While the sources of guidance under US GAAP and IFRS differ significantly, the general recognition criteria for provisions are similar. IAS 37, Provisions, Contingent Liabilities and Contingent Assets, provides the overall guidance for recognition and measurement criteria of provisions and contingencies. While there is no equivalent single standard under US GAAP, ASC 450, Contingencies, and a number of other standards deal with specific types of provisions and contingencies (e.g., ASC 410, Asset Retirement and Environmental Obligations; ASC 420, Exit or Disposal Cost Obligations).
In addition, although nonauthoritative, the guidance in two Concept Statements in US GAAP (CON 5, Recognition and Measurement in Financial Statements of Business Enterprises, and CON 6, Elements of Financial Statements) is similar to the specific recognition criteria provided in IAS 37. Both US GAAP and IFRS require recognition of a loss based on the probability of occurrence, although the definition of probability is different under US GAAP (in which probable is interpreted as "likely") and IFRS (in which probable is interpreted as "more likely than not").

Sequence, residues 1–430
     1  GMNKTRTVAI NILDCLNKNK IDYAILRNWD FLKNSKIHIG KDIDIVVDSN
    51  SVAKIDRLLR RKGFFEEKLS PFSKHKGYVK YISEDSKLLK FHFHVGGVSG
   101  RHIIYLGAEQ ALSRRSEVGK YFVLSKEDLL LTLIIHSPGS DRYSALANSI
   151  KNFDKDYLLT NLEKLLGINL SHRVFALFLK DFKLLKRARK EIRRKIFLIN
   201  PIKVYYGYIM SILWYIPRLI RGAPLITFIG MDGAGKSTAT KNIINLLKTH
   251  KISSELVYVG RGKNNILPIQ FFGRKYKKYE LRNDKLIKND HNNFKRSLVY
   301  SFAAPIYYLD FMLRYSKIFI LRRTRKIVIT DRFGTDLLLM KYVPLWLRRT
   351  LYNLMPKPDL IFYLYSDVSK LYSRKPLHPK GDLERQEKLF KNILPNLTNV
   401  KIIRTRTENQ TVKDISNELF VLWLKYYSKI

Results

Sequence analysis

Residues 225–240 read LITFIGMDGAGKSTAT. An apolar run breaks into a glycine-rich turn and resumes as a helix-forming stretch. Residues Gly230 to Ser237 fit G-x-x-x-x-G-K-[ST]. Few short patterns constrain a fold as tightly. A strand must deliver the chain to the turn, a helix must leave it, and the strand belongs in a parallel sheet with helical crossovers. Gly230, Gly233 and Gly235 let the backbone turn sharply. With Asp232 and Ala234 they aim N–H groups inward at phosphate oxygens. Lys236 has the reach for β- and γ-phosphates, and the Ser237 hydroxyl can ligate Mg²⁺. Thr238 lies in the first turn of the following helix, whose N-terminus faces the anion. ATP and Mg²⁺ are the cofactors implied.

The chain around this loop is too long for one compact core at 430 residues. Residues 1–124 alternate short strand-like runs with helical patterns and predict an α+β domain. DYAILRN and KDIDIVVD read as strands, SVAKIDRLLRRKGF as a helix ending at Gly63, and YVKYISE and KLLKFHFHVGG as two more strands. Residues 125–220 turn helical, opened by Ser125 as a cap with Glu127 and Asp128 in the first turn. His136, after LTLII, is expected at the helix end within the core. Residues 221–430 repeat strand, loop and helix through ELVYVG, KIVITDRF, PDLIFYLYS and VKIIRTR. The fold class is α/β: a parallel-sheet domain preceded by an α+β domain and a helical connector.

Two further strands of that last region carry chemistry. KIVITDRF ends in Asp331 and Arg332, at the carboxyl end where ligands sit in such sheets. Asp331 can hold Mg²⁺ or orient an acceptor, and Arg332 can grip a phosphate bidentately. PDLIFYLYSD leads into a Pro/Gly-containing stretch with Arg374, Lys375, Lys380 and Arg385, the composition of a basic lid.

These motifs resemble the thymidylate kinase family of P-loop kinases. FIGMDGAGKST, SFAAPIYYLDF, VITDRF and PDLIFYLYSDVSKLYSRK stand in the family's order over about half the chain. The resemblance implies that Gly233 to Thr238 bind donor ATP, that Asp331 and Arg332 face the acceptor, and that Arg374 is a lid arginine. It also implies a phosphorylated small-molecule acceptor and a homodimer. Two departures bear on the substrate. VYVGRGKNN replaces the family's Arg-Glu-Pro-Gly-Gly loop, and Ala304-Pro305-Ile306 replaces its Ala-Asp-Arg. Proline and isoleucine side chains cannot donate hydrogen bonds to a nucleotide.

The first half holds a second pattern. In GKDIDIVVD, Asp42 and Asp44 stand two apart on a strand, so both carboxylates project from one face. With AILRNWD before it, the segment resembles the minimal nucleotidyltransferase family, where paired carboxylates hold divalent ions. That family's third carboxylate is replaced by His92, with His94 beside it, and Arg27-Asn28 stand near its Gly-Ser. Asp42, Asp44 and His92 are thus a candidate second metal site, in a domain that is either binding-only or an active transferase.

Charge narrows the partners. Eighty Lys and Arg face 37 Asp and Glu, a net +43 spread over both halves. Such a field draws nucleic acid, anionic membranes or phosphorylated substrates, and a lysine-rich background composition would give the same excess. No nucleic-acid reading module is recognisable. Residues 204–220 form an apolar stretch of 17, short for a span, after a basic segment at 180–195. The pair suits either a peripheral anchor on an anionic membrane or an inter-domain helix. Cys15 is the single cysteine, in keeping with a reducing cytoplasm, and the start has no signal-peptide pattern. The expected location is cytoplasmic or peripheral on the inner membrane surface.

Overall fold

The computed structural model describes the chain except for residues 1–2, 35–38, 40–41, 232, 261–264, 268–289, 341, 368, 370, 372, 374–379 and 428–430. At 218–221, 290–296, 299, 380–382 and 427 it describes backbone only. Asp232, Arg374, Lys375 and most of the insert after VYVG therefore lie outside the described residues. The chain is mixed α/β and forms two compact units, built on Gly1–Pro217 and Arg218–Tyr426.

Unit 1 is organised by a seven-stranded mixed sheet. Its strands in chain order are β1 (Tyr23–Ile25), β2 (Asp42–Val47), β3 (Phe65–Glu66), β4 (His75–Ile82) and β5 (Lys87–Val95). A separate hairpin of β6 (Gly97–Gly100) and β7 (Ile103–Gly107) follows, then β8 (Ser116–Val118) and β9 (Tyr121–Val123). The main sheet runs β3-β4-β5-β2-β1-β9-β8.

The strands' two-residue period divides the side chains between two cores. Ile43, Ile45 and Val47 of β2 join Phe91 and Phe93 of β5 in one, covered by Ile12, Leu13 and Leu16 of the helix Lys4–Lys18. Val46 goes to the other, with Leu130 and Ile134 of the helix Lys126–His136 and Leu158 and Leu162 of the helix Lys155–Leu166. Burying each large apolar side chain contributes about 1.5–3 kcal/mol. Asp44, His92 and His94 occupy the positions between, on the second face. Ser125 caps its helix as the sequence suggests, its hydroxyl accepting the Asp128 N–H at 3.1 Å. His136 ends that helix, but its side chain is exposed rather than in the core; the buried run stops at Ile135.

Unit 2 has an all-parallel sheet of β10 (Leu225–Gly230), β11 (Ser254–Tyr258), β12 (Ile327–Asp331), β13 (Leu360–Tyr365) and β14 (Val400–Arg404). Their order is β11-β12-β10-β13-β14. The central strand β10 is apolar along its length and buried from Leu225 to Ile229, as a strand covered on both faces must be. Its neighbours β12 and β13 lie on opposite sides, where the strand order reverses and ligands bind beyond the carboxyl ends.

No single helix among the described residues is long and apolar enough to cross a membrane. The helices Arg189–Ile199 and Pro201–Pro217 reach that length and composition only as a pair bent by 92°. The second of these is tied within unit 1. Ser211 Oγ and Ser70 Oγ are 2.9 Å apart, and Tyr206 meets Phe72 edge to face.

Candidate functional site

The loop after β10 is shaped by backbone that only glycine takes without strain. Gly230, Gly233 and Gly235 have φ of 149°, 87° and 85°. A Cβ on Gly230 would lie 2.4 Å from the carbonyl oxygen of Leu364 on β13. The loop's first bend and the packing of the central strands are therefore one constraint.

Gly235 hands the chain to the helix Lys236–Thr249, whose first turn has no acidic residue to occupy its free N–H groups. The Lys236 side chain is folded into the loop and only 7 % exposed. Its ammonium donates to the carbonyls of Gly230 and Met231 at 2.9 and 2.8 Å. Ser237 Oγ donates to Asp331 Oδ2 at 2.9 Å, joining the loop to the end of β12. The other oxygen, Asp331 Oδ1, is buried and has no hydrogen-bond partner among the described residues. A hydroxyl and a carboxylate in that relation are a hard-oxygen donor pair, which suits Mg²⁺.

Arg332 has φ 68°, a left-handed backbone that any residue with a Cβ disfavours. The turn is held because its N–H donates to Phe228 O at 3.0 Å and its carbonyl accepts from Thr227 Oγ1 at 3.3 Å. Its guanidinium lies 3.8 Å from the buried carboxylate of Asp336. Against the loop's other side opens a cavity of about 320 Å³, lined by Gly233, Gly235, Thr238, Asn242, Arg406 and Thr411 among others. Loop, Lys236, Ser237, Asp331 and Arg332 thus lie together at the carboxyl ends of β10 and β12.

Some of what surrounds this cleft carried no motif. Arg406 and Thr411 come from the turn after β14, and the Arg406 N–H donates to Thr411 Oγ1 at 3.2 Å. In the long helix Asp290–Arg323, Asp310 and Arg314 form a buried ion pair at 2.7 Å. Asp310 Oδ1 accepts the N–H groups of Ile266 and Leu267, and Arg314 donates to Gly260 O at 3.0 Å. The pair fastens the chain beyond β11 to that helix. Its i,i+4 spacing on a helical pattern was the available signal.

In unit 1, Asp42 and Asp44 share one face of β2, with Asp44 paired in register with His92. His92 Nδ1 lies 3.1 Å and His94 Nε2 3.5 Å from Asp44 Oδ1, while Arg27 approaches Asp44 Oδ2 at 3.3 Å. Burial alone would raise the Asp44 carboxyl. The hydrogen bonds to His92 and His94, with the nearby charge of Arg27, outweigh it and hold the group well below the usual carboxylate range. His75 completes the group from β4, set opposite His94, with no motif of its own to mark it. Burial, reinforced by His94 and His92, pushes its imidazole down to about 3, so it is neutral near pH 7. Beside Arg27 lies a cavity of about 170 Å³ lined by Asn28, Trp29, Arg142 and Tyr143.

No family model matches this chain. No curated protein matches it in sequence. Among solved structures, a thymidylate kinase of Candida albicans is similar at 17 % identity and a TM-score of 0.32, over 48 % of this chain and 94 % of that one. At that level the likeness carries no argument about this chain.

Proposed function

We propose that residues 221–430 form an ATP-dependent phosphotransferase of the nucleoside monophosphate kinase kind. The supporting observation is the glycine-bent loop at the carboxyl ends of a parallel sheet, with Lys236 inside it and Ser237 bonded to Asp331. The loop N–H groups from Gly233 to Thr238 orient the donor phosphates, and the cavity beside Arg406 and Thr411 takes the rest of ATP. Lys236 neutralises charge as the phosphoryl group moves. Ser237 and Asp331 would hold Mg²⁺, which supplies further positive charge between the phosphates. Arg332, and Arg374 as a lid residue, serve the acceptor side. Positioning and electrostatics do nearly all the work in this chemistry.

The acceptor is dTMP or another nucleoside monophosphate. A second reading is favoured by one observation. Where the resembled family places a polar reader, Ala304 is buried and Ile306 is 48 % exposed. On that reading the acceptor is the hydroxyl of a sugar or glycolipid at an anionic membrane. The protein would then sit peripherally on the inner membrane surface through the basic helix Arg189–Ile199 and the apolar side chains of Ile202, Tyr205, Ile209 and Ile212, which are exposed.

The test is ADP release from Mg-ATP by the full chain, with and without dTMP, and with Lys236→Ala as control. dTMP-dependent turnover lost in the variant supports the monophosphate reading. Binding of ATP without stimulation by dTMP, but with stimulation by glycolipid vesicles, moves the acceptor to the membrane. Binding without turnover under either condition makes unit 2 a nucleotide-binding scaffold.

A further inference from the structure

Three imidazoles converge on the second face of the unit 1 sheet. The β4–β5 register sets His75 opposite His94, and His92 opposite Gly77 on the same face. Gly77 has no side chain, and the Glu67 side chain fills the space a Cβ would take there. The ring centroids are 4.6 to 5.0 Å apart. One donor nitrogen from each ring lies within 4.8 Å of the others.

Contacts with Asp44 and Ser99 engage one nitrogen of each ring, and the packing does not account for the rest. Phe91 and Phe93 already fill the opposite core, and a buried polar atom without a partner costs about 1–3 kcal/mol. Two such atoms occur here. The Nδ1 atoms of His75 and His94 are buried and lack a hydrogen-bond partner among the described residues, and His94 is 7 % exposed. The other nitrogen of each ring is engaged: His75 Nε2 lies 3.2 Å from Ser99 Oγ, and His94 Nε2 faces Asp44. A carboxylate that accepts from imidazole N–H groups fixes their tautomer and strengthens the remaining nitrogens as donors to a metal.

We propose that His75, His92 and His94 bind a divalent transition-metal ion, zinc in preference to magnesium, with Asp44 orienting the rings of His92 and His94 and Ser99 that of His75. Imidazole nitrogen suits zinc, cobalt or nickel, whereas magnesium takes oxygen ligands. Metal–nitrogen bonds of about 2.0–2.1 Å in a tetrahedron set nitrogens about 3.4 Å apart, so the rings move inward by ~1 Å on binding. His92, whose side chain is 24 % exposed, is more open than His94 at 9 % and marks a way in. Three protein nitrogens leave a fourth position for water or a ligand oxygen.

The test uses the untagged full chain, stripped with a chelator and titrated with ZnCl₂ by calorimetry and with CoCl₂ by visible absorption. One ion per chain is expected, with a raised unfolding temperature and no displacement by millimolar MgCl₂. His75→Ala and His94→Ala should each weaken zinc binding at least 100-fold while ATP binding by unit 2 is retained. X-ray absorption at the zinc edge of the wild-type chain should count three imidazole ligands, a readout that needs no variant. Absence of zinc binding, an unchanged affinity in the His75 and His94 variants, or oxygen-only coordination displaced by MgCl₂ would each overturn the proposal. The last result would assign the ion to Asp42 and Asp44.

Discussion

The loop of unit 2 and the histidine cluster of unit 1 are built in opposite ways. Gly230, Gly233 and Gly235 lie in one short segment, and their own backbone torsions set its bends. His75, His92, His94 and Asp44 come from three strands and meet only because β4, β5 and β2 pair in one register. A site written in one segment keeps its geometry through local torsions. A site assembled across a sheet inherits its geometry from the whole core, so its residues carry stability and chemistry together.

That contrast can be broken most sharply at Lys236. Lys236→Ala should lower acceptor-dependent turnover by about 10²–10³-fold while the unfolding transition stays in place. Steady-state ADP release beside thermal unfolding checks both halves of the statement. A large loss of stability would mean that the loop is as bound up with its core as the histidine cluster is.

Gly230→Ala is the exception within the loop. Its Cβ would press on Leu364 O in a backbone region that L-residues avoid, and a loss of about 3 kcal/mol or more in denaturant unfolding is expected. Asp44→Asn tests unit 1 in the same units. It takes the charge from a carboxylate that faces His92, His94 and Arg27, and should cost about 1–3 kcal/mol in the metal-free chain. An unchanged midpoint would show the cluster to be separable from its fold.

Both US GAAP and IFRS prohibit the recognition of provisions for costs associated with future operating activities. Further, both US GAAP and IFRS require disclosures about a contingent liability whose occurrence is more than remote but does not meet the recognition criteria.
The IASB proposed amendments to IAS 37 in 2005 and then proposed amendments to IAS 37's measurement provisions in January 2010. The IASB is reviewing the project as part of its agenda consultation process in 2012.
In July 2010, the FASB proposed amendments to the disclosure requirements of ASC 450. Certain of the proposed changes are consistent with current disclosures under IAS 37 (e.g., tabular reconciliation of accrued loss contingencies), while other proposed changes may result in further differences (e.g., disclosure of certain remote loss contingencies). The FASB planned to begin redeliberations after reviewing filings for the 2010 calendar year-end reporting cycle to determine whether efforts to increase focus on compliance with existing rules have resulted in improved disclosures about loss contingences.
The FASB has not had any formal discussions about this project since November 2010.
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